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Minority and indigenous women deliberately targeted for sexual and other violence, says MRG on International Women’s Day

7 March 2012

Women from minority and indigenous communities are targeted for sexual violence, torture and killings specifically because of their ethnic, religious or indigenous identity, says Minority Rights Group International (MRG) on International Women’s Day.

‘Discrimination against minorities and indigenous peoples worldwide is time and again experienced by women as physical violence,’ says Carl Söderbergh, MRG’s Director of Policy and Communications. ‘In war and in peacetime, minority and indigenous women are singled out for sexual violence because they are less protected and less able to complain.’

In its most recent State of the World’s Minorities and Indigenous Peoples, MRG documented cases from across the world showing how women from minority and indigenous communities often face disproportionately higher levels of violence and are targeted for attack in situations of conflict and in times of peace.

The impact of conflict on women is wide-ranging. Women are often the most likely to stay back and protect their families, increasing their vulnerability. Many also find themselves heading their households and struggling to find an income. They risk being coerced into sex work or having to offer sexual favours to be able to support their families. If displaced, women are at risk of being exploited by border guards and traffickers.

Beyond these risks facing women in conflict, women from minority communities are specifically targeted for attack by both state forces and armed opposition groups. Minority women can face sexual and gender-based violence as a means of punishing their communities.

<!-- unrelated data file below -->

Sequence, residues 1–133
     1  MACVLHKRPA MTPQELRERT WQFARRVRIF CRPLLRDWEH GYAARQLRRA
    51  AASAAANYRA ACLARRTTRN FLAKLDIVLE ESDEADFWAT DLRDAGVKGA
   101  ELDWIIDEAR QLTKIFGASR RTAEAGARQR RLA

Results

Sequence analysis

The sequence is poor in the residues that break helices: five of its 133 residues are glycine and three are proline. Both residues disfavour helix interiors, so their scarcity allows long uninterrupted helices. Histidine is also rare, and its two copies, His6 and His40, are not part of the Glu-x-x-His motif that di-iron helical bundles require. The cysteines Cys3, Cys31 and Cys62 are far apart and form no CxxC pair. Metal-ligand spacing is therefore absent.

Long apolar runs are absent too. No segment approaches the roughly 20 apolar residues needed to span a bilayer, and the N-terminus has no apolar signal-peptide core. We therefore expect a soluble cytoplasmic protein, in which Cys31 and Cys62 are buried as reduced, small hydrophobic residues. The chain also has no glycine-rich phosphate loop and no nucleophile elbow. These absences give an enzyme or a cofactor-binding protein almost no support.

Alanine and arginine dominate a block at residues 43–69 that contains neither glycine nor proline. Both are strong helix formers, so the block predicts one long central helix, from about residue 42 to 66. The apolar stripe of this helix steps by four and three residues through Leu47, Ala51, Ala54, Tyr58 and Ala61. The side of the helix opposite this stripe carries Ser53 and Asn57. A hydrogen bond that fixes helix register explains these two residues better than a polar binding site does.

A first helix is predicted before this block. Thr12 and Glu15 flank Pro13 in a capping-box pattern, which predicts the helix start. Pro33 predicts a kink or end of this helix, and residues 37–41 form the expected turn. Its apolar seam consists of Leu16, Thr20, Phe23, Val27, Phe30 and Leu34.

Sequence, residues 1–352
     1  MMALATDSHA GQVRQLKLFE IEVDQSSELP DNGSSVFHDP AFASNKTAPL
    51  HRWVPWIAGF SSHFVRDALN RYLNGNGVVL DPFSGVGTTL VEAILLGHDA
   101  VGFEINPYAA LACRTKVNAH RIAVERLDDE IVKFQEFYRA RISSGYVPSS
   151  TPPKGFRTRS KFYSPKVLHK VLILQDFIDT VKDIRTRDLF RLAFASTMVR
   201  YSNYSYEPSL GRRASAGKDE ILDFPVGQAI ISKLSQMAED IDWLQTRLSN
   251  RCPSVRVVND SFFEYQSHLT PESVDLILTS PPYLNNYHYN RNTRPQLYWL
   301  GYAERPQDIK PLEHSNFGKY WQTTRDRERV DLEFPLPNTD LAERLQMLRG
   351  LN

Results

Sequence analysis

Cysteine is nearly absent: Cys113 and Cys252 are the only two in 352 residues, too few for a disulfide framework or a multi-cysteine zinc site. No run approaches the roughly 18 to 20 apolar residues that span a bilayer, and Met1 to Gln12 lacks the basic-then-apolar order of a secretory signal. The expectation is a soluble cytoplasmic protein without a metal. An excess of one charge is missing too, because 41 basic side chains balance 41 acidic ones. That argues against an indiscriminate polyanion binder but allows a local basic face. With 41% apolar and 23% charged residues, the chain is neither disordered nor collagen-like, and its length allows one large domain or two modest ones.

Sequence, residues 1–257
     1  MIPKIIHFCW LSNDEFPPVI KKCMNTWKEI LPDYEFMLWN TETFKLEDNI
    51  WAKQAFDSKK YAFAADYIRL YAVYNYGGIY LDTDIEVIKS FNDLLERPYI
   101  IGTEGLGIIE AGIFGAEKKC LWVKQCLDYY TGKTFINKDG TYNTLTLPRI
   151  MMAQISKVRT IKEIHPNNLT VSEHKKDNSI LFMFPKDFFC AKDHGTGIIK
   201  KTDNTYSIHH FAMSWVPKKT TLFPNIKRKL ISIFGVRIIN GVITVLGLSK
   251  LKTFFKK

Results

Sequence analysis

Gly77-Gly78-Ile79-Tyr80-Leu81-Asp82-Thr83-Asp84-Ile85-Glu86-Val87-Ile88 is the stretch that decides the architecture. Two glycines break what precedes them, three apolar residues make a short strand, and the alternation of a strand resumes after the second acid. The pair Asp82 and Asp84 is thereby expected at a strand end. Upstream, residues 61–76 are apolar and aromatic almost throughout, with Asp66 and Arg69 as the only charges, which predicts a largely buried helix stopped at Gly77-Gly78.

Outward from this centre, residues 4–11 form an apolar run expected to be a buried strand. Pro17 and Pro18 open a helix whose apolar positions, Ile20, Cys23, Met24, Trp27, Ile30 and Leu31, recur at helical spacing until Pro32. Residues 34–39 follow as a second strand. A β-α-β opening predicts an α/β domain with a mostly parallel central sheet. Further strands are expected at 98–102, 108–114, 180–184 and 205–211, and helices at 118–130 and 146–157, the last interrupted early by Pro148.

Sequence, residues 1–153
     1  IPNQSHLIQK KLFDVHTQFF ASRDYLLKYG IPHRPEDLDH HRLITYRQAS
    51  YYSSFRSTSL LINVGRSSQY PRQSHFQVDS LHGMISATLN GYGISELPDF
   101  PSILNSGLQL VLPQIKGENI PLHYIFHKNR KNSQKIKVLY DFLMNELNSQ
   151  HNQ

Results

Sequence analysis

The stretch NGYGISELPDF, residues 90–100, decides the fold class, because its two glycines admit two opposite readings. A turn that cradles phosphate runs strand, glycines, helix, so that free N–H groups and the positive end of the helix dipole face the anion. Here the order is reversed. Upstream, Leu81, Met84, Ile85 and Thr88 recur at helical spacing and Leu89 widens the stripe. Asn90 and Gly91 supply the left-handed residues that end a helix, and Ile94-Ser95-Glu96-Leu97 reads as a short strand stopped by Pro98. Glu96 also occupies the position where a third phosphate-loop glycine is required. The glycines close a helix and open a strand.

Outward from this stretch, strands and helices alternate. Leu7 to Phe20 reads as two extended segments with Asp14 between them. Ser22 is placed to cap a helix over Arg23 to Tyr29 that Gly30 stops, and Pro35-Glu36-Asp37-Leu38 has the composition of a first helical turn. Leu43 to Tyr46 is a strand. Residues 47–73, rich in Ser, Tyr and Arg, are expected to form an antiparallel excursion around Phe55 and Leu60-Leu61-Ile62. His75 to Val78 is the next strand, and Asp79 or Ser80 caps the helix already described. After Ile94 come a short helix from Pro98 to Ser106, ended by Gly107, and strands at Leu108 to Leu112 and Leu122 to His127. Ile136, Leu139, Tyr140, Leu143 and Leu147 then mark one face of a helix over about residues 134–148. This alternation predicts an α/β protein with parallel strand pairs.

Minority and indigenous women are in particularly vulnerable positions because they often come from poor socio-economic backgrounds and live in remote areas. They have little access to justice and in many cases face discrimination from the police and the judicial system because of their minority status and because of their gender.

Like other women, minority and indigenous women also face violence from within their own communities or their own families. Poverty and social and economic marginalisation are some of the factors that contribute to the incidence of domestic violence within minority and indigenous communities.

While risking multiple abuses, in many countries the struggle to stamp out sexual violence against minorities is being led by minority women activists themselves, sometimes at serious risk to their own safety.

‘International Women’s Day has helped to highlight the scourge of violence against women around the world. But development agencies, governments and human rights activists need to realise that not all women face the same obstacles, and that violence against women often has a particular ethnic or religious dimension,’ Söderbergh says.

Minority and indigenous women tell their stories for International Women’s Day 2012

To mark International Women’s Day 2012, MRG has compiled a series of moving testimonies from women activists from China, Sri Lanka, Turkey, Kenya and Israel, relating how women from minority and indigenous communities have suffered systematic sexual and other violence specifically because of their ethnic, religious, tribal or indigenous identity.

Sri Lanka